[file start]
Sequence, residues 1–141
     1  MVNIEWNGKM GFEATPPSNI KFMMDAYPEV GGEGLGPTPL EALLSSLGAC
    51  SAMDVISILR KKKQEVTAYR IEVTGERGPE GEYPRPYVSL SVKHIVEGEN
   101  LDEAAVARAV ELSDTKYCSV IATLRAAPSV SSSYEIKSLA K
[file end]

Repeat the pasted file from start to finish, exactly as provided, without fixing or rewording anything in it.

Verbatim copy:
Sequence, residues 1–141
     1  MVNIEWNGKM GFEATPPSNI KFMMDAYPEV GGEGLGPTPL EALLSSLGAC
    51  SAMDVISILR KKKQEVTAYR IEVTGERGPE GEYPRPYVSL SVKHIVEGEN
   101  LDEAAVARAV ELSDTKYCSV IATLRAAPSV SSSYEIKSLA K